Let’s go back, way back… It’s the early 1980s: the ’70s punks have achieved what they set out to do – live fast, have fun, shake up the music industry – before largely imploding in a mess of eyeliner and spray-painted slogans. Now the new wave of hopefuls are upon us with stars in their eyes and enough individualistic flair to inspire new fashions and grace the covers of glossy magazines. It’s 1983 and Duran Duran have released their third album, Seven And The Ragged Tiger, which peaks at #1 on the UK album chart. That same year, four young, scruffy guys across the Atlantic in Minneapolis change their band name to Soul Asylum.

If you only know Soul Asylum because of their Grammy Award-winning song, ‘Runaway Train‘, then perhaps you’re wondering why this band are deserving of your time. Make no mistake, that hit was a long time coming. Having cut their teeth playing the same punk clubs as (the now hugely revered) punk/alternative icons and fellow Minneapolitans The Replacements and Hüsker Dü, Soul Asylum spent over a decade slogging around the US underground music scene in a van, releasing a slew of garage rock LPs and EPs while building up a grassroots following the hard way. Hüsker Dü’s Bob Mould produced their debut album, Say What You Will…, released by indie label Twin/Tone Records in 1984, while The Replacements’ Tommy Stinson would later join the band’s ranks for a number of years following the death of original bassist, Karl Mueller in 2005.

Singer, rhythm guitarist and chief songwriter, Dave Pirner, may be the sole remaining original member but as 2022 marks the 30th anniversary of the band’s massive breakthrough album, Grave Dancers Union, what better time for them to finally come back and tour the UK?

The band kick off with the upbeat and anthemic ‘Got It Pretty Good’ from their most recent album, 2020’s Hurry Up And Wait, before the almost squawking guitar intro of ‘Somebody To Shove‘ charges into the room. I imagine back in the day the crowd would have been a blur of unhinged energy during this rocker of a track, but tonight’s audience is a bit older and less prepared to literally shove their fellow gig-goers around, whilst I’m reminded to call my elderly relatives more frequently.

‘Shut Down’ is a sludgy funk masterpiece and one of my favourites from 1995’s Let Your Dim Light Shine, while during ‘Misery’ Dave appears to not quite recall some of the words. Fortunately, lead guitarist, Ryan Smith picks up the slack and also sings lead vocals during one of the verses of ‘Bittersweetheart’. The two have great onstage rapport and during the more upbeat songs run at each other and conduct Status Quo-like guitar duelling.

It’s great to hear some of the band’s older songs live and we’re treated to tracks two and three from Hang Time (1988) as ‘Little Too Clean’ and ‘Sometime To Return’ are performed back to back, the latter of which is surprisingly punky and rockier than one might expect. ‘Can’t Even Tell’, which appeared on the film soundtrack to Clerks, is a joyous addition to a well-crafted set with its celebratory retort: “We lived through another day / It’s a good excuse to celebrate / Take a number, knock on wood / We’ll find a reason to feel good”.

‘Never Really Been’ is the oldest song aired tonight, from the band’s second album, Made To Be Broken (1986). It’s a semi-acoustic slice of Shane MacGowan-esque poetry which leads nicely into that song which shall forever overshadow everything the band does. ‘Runaway Train‘ was quite the, um, runaway success which flung the band into the spotlight and its accompanying video helped to locate 21 missing children, which is a pretty special legacy.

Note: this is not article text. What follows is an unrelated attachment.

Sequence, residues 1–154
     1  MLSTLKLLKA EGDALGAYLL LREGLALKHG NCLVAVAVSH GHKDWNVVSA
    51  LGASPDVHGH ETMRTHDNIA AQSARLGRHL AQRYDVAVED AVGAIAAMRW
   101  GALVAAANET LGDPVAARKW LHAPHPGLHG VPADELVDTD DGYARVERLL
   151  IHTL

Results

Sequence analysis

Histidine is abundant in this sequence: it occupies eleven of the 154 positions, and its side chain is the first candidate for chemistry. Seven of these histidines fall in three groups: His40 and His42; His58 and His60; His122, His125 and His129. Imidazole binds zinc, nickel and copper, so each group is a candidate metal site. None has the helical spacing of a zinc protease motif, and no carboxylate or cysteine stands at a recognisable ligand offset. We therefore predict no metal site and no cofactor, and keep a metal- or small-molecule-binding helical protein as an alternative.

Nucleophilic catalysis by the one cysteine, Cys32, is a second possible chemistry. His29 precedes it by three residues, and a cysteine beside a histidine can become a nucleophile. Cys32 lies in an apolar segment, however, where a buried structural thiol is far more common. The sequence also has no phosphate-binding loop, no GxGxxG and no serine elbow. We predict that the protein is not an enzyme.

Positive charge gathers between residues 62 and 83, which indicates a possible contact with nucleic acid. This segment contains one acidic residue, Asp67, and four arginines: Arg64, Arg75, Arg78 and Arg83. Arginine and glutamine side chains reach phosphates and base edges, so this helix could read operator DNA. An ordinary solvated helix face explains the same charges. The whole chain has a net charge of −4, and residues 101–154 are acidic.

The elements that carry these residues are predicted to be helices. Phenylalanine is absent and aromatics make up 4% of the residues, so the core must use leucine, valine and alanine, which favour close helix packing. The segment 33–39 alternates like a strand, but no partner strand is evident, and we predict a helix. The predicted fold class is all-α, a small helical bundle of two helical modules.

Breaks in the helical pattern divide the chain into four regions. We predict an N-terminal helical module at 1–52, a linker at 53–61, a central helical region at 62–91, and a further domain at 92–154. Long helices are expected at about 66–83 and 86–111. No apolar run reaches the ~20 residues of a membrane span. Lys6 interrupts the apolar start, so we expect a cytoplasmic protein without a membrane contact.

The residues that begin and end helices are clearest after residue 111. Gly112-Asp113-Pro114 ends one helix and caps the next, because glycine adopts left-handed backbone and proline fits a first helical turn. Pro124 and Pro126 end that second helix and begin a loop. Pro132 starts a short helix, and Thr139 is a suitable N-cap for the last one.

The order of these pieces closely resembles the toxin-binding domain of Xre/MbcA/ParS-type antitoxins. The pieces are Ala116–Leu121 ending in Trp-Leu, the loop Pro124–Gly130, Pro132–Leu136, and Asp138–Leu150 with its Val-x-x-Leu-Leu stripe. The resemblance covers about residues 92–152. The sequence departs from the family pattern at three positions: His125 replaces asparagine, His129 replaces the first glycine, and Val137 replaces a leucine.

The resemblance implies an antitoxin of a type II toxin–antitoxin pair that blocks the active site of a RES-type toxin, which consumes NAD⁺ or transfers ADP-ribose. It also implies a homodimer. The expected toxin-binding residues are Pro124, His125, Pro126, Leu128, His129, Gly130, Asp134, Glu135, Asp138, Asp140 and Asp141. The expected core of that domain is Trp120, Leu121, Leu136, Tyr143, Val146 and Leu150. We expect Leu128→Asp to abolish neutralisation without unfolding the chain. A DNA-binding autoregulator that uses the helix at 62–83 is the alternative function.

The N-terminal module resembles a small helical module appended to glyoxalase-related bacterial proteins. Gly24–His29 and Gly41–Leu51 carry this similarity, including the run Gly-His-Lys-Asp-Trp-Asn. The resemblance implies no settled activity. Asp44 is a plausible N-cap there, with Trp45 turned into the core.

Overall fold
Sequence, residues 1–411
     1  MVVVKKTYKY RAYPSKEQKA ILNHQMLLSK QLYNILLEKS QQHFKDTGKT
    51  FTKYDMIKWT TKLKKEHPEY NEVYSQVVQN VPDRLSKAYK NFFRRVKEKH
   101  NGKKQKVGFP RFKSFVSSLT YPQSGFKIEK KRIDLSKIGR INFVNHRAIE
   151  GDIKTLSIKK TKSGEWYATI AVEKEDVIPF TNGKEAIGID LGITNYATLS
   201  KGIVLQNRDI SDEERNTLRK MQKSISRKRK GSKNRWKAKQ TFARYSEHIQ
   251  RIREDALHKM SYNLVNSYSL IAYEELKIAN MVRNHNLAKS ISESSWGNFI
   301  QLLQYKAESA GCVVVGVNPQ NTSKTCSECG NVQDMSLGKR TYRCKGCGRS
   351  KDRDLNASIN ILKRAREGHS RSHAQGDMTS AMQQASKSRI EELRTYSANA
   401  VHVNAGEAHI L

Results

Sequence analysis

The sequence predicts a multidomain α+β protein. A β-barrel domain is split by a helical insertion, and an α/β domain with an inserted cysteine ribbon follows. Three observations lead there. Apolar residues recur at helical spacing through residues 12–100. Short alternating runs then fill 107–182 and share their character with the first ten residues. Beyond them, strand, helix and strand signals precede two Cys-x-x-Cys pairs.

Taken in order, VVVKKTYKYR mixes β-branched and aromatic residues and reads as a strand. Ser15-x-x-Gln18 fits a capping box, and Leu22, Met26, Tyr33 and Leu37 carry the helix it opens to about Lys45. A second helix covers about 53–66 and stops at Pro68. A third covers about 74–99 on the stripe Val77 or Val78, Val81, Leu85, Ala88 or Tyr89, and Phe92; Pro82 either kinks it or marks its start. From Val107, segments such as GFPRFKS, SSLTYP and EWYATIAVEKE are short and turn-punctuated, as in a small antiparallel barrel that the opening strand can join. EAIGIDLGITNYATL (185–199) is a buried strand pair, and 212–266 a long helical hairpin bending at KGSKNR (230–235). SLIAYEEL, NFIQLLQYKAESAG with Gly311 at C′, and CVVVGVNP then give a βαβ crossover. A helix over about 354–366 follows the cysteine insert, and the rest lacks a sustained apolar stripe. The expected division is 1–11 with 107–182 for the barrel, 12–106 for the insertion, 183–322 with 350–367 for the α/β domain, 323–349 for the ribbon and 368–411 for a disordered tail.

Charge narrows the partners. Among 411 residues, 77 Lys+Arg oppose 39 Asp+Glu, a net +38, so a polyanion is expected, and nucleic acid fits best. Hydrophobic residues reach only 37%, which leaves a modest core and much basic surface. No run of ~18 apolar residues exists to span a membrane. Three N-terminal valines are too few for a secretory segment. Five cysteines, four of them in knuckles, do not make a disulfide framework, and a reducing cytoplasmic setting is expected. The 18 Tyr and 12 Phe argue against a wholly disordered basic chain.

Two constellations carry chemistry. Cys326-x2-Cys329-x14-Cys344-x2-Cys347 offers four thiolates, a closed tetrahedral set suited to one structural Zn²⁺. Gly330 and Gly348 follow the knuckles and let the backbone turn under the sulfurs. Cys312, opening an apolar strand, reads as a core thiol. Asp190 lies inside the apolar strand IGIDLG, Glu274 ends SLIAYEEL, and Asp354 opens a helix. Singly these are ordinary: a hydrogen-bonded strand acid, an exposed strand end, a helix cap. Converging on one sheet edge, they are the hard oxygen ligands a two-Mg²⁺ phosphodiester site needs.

The set is peppered with Dave’s bad dad jokes, such as: “I was out in Camden today and I bought a pair of shoes from a drug dealer. I don’t know what they were laced with but I’ve been tripping all day”. There’s also the one about Bono and The Edge walking into a bar, but I’ll spare you the rather obvious punchline. On a serious and poignant note, a Ukraine flag is draped from an amp throughout the band’s set and Dave dedicates ‘Without A Trace’ to the Ukrainians “fighting the good fight”.

During the encore, a guy in the audience yells, “Where have you been for 27 years?”. A fair question and one which Dave barely has to consider, as he coolly responds: “Waiting patiently for an invitation”. Final song of the night, ‘April Fool’ (my personal favourite of their set) is introduced with Dave’s deadpan humour: “One last chance to fuck it all up”. Needless to say, they don’t fuck it up and it remains a gloriously raucous gem that glistens like a diamond in a cold and hard, dark rock face. As Dave Pirner eloquently concluded in 1995, “We’ve always been not punk rock enough for the punk rockers and too punk rock for the non-punk rockers”.

Set list: Got It Pretty Good / Somebody To Shove / Shut Down / Misery / If I Told You / Close / Black Gold / Little Too Clean / Sometime To Return / Bittersweetheart / Can’t Even Tell / Never Really Been / Runaway Train / Without A Trace / Lately / Veil Of Tears / Just Like Anyone // String Of Pearls / April Fool

The 30th anniversary deluxe edition of Grave Dancers Union is out now on black/gold marbled colour vinyl, other formats include bonus live tracks. Follow Soul Asylum on Instagram / Facebook / Twitter / Bandcamp / YouTube.

Review by Mandy Bang @mandybang
Photos by Mark Dans L’Espace

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